Songs & Ballads Of The Maine Lumberjacks

A Collection Of Traditional & Folk Songs of the area with Lyrics & Commentaries -online book

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Andrew Martine
As printed by Barry, Journal of American Folk-Lore, 1905, XVIII, 302-303, from a text contributed to the Boston Transcript by A. C. A., who states: "I can give the song, as I heard it sung many years ago in Portland, Maine, by Eliza Ostinelli, daughter of Ostinelli, the musician,—she afterward went to I taly, where she married, and was known as Mme. Biscaccianti, 'The American Thrush.'"
See Child's English and Scottish Popular Ballads, No. 250 A ("Henry Martyn") and E (" Andrew Bartin"), p. 553 (Sargent-Kittredge edition). "Andrew Martine" is evidently a shorter and inferior variant of E. All have sprung from " Sir Andrew Barton " (Child, No. 167); an important version from Kentucky, which shows this connection clearly, is printed by Belden, JournalyXXV, 171-173. For the music, see Barry, Journal of American Folk-Lore, 1905, XVIII, 135 ("sung over fifty years ago").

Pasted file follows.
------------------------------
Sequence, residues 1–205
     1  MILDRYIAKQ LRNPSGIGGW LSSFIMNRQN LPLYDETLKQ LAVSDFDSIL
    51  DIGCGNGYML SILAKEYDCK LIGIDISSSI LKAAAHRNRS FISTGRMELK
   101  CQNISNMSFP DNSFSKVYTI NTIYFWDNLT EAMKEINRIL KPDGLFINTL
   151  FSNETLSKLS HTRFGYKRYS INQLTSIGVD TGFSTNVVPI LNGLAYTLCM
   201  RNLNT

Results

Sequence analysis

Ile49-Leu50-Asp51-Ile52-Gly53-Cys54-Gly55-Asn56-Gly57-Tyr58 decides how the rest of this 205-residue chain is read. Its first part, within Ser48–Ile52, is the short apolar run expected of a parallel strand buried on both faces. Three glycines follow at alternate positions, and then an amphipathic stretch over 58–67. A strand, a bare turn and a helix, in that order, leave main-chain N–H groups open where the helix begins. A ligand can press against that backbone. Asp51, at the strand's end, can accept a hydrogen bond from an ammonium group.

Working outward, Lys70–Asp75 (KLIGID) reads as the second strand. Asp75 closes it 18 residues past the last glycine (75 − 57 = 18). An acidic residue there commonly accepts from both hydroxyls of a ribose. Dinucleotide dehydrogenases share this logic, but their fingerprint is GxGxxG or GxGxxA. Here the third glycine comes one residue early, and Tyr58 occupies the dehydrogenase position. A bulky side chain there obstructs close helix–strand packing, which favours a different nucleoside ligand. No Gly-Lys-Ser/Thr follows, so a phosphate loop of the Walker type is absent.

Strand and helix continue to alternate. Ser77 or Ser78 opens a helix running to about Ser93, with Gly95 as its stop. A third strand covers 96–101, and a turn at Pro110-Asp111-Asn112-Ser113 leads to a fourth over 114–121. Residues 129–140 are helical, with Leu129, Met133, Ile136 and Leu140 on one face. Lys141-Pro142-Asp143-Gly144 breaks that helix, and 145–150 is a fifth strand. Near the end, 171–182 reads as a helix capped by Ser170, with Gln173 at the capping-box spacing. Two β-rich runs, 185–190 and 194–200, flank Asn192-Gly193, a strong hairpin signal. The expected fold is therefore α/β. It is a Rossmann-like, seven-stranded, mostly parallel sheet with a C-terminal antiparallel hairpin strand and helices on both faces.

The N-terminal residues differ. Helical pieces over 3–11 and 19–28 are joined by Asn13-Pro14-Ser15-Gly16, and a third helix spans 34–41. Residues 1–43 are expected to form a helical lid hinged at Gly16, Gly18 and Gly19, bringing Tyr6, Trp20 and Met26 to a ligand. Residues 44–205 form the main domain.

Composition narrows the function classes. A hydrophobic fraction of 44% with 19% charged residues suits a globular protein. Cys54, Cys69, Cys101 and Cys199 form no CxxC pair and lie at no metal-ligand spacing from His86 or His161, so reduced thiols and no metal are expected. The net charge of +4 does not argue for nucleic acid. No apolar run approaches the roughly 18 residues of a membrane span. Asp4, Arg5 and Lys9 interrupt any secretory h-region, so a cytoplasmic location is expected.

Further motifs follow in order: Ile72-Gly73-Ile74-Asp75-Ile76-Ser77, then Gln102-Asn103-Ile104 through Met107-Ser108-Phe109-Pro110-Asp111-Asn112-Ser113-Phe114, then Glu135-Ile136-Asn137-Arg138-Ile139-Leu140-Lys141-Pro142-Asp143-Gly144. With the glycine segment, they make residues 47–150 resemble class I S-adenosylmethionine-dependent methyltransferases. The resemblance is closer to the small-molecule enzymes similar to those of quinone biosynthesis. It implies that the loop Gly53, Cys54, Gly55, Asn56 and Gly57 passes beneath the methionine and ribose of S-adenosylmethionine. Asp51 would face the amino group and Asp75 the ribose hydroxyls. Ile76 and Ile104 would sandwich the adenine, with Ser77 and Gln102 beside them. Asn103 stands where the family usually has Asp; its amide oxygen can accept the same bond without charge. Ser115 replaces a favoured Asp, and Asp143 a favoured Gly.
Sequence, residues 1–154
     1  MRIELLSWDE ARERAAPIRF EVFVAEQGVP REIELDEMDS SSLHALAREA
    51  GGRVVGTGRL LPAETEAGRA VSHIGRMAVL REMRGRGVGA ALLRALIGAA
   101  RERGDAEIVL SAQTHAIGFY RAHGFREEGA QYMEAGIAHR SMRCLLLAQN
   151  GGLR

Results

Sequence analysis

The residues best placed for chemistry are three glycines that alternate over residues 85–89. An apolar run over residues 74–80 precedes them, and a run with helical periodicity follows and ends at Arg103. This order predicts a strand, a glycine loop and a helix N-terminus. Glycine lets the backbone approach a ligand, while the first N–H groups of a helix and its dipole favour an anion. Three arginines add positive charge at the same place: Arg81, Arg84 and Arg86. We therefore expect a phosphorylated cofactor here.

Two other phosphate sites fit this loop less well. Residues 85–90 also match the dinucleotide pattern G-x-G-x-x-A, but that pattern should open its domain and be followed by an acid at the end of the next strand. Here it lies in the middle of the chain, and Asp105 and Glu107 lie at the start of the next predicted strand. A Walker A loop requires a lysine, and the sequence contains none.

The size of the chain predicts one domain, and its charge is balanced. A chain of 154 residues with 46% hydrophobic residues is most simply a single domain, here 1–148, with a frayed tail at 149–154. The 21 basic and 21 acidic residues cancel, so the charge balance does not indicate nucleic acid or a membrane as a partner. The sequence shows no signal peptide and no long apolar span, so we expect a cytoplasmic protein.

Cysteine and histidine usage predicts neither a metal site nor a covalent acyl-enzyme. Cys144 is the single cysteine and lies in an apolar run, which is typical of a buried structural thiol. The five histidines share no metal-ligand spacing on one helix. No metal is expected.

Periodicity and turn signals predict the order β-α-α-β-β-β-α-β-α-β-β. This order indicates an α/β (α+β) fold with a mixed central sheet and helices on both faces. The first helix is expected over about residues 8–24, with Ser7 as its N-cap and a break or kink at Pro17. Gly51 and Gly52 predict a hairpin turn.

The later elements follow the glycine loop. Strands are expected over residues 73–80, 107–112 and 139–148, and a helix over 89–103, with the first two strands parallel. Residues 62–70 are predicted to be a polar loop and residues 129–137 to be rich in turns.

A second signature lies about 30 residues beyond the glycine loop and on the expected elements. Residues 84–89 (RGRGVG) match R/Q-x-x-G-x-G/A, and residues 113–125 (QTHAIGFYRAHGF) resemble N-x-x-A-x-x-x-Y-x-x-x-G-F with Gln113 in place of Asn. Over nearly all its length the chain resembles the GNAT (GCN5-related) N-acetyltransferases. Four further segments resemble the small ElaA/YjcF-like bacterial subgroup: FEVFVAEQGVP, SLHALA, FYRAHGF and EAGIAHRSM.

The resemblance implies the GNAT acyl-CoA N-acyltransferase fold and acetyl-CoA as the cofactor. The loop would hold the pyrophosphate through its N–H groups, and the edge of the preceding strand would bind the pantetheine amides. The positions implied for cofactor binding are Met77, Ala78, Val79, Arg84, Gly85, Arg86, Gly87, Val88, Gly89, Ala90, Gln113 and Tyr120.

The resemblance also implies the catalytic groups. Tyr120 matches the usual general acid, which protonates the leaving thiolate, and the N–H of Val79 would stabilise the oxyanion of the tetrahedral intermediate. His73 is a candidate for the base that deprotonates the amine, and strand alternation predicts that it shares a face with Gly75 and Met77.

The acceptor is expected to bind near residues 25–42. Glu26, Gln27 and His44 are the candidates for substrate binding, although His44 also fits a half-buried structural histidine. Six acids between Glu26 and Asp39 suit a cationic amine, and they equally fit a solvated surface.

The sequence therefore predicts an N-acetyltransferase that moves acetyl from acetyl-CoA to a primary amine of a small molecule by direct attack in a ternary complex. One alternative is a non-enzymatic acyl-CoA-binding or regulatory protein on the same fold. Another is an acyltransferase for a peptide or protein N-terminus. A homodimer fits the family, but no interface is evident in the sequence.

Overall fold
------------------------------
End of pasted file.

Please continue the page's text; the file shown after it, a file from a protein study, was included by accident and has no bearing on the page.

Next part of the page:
1      There dwelt three brothers in merry Scotland,
Three brothers there dwelt there, three, And they did cast lots to see which one Should go robbing upon the salt sea, Should go robbing upon the salt sea.
2     The lot it fell upon Andrew Martine
The youngest of the three, That he should go robbing upon the salt sea, To support his three brothers and he.
3      "Oh, who are you?" said Andrew Martine,
"Who are you that comes tossing so high?,, "I am a brave ship from merry England, Will you please for to let me pass by?"






E-Book - An Annotated Compendium of Old Time American Songs by James Alverson III